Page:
Art And Culture

Art Helps Children Escape Pain of Hospital Stays

Art Helps Children Escape Pain of Hospital StaysArt Helps Children Escape Pain of Hospital Stays

No one likes being in the hospital. The experience can be especially scary for children and their families dealing with serious illnesses.

Art with a Heart in Healthcare aims to diminish the fear, pain, boredom, and depression children might feel by providing individualized art sessions during their time in the hospital.

The Museum of Contemporary Art Jacksonville, a cultural institute of the University of North Florida, in the US, presents some results of that work in "Inside the Outline: Art with a Heart in Healthcare," on display August 6 through December 4, reported.  The exhibition features silhouettes of the patient-artists brought to life by their paintings of colorful patterns, favorite foods, landscapes, and particular interests.

Christy Ponder, executive director of Art with a Heart says "Our new show came to life by asking each patient a simple question: what makes you happy? It is truly amazing to get a glimpse into the patients’ minds to see what makes them happy."

Patients in the program partner with an artist-in-residence who brings out their natural talents and expands their art-making skills while promoting self-confidence and self-awareness during their hospital experience.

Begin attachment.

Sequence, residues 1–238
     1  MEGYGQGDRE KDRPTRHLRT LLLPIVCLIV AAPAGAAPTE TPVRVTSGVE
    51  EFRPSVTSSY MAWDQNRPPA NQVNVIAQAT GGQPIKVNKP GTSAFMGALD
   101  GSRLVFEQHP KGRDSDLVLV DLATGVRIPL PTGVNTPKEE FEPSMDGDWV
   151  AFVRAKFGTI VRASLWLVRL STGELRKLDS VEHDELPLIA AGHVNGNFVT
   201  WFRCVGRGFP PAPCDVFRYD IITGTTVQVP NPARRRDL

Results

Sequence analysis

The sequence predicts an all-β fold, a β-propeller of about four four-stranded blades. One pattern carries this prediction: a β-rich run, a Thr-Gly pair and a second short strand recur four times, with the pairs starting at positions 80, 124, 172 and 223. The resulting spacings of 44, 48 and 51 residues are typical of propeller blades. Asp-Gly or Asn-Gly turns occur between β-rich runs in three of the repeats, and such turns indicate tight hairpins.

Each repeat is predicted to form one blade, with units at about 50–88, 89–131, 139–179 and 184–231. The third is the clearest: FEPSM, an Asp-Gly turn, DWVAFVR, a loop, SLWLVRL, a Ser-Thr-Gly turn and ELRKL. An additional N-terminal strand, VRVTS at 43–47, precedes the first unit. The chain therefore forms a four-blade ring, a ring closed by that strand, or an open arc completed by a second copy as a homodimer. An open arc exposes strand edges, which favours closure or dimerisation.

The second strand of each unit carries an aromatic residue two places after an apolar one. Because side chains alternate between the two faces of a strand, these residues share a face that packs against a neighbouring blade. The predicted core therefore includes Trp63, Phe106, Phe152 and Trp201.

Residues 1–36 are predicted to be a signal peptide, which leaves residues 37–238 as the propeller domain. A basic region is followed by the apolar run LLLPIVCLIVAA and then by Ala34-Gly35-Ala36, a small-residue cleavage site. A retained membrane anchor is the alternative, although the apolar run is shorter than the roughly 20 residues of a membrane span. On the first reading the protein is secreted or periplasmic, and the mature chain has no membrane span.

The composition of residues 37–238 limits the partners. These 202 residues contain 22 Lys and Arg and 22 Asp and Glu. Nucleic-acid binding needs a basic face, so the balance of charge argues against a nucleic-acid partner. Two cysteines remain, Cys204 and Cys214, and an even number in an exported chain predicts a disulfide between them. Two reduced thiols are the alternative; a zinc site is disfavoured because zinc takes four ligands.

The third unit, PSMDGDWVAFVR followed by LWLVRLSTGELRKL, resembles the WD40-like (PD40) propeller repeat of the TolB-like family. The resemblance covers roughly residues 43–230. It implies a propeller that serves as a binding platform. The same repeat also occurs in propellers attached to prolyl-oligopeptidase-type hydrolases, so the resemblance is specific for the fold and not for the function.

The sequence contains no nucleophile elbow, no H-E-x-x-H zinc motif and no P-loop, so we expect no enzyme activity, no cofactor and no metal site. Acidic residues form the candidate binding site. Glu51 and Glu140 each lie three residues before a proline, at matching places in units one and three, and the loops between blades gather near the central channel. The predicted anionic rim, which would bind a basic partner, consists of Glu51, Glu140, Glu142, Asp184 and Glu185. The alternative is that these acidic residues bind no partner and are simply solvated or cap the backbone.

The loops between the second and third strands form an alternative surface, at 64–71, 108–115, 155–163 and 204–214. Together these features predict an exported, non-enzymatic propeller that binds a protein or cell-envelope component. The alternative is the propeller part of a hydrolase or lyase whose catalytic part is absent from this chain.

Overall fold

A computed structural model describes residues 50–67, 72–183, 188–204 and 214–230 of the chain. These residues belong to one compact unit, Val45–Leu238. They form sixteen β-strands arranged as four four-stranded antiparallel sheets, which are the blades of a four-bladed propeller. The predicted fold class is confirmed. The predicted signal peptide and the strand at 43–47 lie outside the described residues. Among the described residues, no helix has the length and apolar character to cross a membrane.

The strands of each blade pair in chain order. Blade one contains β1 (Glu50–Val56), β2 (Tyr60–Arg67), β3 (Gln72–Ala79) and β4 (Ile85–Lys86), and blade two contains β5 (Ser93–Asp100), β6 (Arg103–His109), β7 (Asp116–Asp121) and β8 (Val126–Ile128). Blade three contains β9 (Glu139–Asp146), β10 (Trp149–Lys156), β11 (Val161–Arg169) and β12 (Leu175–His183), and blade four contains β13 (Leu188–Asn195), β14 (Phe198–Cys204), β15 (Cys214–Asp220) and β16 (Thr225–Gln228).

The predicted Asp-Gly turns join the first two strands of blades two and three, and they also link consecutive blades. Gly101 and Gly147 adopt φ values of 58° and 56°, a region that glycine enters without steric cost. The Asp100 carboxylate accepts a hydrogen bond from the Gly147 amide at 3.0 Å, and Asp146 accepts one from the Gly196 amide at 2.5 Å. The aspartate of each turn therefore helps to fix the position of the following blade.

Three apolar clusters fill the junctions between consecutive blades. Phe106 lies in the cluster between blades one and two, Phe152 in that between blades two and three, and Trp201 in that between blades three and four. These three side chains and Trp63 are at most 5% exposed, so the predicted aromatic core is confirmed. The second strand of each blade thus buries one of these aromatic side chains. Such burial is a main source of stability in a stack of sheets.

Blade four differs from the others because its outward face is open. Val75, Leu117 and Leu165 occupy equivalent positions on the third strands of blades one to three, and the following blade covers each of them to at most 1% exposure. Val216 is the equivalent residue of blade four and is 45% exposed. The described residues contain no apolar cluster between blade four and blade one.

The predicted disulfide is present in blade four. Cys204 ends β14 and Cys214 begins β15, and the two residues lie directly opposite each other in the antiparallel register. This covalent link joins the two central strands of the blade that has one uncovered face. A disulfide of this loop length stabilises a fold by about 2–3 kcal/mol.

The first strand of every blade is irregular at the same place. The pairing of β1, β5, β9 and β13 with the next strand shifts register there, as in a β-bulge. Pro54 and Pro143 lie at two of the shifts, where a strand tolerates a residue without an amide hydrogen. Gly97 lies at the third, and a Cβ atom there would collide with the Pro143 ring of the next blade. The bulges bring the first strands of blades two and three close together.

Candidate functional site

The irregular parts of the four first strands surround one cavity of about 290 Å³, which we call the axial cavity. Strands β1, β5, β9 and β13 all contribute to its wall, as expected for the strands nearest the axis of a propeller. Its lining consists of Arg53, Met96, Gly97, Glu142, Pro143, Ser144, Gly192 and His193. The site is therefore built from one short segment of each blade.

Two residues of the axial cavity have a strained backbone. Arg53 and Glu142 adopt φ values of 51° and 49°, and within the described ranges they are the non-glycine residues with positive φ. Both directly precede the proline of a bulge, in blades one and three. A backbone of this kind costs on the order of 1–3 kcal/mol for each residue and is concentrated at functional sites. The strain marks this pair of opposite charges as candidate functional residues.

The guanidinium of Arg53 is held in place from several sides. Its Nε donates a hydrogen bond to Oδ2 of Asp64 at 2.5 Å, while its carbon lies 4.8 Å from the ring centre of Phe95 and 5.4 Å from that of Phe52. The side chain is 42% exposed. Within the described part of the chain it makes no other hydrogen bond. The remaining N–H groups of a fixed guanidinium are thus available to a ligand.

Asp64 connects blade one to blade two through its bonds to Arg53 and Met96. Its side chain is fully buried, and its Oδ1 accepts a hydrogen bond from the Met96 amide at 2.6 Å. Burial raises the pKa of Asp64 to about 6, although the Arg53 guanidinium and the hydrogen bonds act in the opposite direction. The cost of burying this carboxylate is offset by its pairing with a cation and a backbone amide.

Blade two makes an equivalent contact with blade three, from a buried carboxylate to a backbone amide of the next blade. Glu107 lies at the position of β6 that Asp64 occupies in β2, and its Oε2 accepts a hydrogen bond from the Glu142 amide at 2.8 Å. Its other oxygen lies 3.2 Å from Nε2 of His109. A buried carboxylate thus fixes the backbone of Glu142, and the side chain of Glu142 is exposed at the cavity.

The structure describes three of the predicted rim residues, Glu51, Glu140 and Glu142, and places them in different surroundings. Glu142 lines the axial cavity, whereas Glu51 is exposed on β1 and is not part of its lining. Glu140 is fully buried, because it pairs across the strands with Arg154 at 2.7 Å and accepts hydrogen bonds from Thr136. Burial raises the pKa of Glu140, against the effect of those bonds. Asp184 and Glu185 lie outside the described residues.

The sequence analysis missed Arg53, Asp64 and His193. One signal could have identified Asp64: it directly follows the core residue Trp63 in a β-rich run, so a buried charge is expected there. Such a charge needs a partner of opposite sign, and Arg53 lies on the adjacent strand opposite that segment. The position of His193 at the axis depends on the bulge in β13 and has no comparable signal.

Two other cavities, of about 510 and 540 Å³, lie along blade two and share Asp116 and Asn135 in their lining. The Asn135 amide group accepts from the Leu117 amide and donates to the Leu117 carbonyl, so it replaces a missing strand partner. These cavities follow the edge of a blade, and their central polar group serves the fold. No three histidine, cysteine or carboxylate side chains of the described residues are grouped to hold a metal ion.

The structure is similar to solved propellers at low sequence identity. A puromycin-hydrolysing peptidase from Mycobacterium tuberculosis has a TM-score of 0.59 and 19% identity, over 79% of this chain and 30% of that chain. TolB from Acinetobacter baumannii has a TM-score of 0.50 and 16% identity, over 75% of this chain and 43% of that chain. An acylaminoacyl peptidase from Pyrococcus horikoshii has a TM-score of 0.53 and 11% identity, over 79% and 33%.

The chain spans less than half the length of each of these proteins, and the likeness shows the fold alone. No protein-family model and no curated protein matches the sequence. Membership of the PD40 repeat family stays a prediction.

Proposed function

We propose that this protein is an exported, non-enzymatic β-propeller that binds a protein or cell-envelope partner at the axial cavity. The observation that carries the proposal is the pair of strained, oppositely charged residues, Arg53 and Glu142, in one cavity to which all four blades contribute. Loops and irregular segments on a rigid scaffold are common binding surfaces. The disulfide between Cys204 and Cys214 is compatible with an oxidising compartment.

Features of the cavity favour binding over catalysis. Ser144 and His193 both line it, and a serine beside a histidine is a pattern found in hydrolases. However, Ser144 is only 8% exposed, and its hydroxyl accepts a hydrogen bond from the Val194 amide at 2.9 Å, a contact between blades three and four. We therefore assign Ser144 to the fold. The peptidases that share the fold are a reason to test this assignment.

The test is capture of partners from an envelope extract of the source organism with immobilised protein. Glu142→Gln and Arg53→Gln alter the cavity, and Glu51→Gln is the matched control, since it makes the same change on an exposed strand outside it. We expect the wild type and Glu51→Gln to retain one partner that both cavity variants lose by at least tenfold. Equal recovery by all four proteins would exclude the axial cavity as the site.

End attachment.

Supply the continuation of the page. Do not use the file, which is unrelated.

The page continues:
Founded in 2001, Art with a Heart in Healthcare provides a staff artist, community volunteers, and UNF interns seven days a week to develop sessions individualized to meet the needs of the patients and families at bedside or in groups at Wolfson Children’s Hospital and Nemours Children’s Clinic.  

The nonprofit’s emphasis on personal expression from a fine art perspective helps humanize the high-tech, clinical atmosphere of the hospital. Art can empower a child in an otherwise powerless situation.

“Art with a Heart brings a professional artist right to sick and injured children in the hospital, which helps our patients cope with their pain and symptoms of their condition, reduces their stress in the hospital setting, and gives them a creative outlet,” said Veronica Scott-Fulton, the vice president of operations and patient care services at the children’s hospital. “It’s a healing therapy that we are proud to offer.”